Sunday, December 26, 2010

Fiction Review: Saving CeeCee Honeycutt

My mom read Saving CeeCee Honeycutt by Beth Hoffman on our recent Thanksgiving vacation and handed it to me as soon as she finished it!  I enjoyed this coming-of-age tale very much.

First, let me admit that I'm not a big fan of so-called Southern fiction.  Certainly, I loved some of the exemplary books that started this genre (I don't really think it should be its own genre) like The Secret Life of Bees by Sue Monk Kidd and all of Rebecca Wells' novels, but there have been a lot of shallow copycats getting by with their southern setting and the requisite cast of colorful women characters.

Saving Cee Cee Honeycutt has those elements, but it also has a surprising emotional depth.  Yes, it has the wise, kind black servant woman who takes the damaged child under her wing amid homestyle southern cooking, but this novel also deals with some very serious issues, including racial discrimination and mental illness, with intelligence and grace.

The story begins in the north, with CeeCee, a young girl in Ohio, who has spent most of her life taking care of her mentally ill mother, while her father stays busy (and stays away) traveling for work.  When tragedy hits, CeeCee is taken in by her great-aunt Tootie (I had a great-aunt Tootie, too!) whom she hasn't seen since she was an infant.  Tootie whisks her away to her beautiful home in Savannah, where the healing process begins.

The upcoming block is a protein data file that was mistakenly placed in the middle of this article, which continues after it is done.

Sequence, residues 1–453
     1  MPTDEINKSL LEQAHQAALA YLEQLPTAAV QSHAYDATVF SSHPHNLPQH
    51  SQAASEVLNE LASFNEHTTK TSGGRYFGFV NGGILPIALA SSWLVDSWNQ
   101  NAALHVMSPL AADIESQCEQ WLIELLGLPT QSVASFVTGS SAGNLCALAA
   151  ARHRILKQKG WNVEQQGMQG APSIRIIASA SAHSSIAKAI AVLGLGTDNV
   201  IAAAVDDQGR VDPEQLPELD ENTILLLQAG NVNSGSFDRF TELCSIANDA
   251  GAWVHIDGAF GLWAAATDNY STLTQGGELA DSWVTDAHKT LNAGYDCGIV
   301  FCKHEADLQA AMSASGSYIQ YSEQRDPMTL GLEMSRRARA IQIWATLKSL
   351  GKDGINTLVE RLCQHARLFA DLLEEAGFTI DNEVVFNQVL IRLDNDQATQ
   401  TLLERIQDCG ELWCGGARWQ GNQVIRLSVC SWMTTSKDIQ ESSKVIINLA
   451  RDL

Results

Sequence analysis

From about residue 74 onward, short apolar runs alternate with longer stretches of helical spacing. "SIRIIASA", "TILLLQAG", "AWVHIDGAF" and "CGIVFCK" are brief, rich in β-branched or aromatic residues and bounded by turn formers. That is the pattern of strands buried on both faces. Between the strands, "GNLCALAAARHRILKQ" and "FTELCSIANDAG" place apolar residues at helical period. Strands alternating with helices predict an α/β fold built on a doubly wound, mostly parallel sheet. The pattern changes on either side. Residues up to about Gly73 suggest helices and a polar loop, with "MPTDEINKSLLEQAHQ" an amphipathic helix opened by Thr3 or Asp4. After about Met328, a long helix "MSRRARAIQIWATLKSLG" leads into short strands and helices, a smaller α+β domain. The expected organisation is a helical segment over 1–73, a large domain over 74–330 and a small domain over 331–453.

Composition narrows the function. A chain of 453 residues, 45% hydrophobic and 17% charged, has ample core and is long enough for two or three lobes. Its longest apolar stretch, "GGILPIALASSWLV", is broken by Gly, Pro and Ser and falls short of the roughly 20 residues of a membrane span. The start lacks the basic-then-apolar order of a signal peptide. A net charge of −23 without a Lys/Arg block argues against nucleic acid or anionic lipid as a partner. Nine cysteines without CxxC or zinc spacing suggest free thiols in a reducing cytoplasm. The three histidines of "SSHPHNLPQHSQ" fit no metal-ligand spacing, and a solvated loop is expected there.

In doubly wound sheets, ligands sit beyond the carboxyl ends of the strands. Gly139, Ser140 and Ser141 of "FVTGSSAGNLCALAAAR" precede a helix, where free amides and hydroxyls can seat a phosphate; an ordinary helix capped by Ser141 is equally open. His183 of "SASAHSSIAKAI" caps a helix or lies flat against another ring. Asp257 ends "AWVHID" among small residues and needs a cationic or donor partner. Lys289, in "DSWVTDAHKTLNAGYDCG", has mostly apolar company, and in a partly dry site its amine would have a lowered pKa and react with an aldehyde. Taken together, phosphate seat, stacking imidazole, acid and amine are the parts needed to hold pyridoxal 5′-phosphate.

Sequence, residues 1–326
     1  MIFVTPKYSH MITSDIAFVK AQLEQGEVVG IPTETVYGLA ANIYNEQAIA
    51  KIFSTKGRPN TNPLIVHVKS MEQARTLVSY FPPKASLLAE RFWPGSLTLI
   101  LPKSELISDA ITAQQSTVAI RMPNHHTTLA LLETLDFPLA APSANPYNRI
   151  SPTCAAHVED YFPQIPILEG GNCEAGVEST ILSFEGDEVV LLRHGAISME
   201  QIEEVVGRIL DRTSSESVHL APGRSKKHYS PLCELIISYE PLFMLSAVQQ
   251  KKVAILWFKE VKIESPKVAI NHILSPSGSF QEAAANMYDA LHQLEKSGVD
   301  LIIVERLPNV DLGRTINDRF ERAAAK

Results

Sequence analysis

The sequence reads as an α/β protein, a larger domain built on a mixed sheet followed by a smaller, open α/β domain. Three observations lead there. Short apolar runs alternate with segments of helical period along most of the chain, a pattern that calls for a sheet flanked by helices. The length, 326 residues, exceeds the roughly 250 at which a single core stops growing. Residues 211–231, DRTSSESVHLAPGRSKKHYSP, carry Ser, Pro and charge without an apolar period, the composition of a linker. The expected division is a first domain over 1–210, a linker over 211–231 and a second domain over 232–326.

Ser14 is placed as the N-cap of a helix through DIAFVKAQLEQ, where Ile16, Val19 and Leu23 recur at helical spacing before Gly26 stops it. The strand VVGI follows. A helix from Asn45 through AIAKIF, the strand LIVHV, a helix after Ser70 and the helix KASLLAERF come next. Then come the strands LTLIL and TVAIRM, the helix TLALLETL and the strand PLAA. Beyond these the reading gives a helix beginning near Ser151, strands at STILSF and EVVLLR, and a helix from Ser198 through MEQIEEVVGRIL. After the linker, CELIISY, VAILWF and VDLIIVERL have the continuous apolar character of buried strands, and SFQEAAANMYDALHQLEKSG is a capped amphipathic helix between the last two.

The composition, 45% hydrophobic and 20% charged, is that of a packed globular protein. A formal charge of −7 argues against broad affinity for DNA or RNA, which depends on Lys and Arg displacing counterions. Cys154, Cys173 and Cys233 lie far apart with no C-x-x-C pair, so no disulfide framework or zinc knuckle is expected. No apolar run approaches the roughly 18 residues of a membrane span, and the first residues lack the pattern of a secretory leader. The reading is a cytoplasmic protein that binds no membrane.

I found the novel compelling, its characters interesting, and its plot unique.  I thoroughly enjoyed reading it.  My only complaint - and it's a minor one - would be the lack of any decent male characters at all.  Every single man in the novel (with one exception who was dead) was either a liar, a cheater, a jerk, or all three.  While I'm all for girl power and understand that the main theme was the healing power of women, I felt the lack of any good male characters at all felt a bit artificial.  As I said, it's a minor complaint, as the novel overall was very satisfying, even to a northern girl like myself.  And if you generally like Southern fiction, then you'll love this novel even more.

306 pages, Penguin Books


  1. Sue I dont like Southern fiction either but this one.... I loved. :)

  2. I thoroughly enjoyed the beginning the book and felt that the storyline had great potential. And I absolutely love the archetypal wise, old black woman character in fiction, but I felt that some of the subplots were outrageously overblown and that fact really took away from what could have been a very powerful story. And you have a good point about the lack of positive male figures and about Southern fiction in general. Overall, Saving CeeCee Honeycutt felt like a poor imitation of Secret Life of Bees.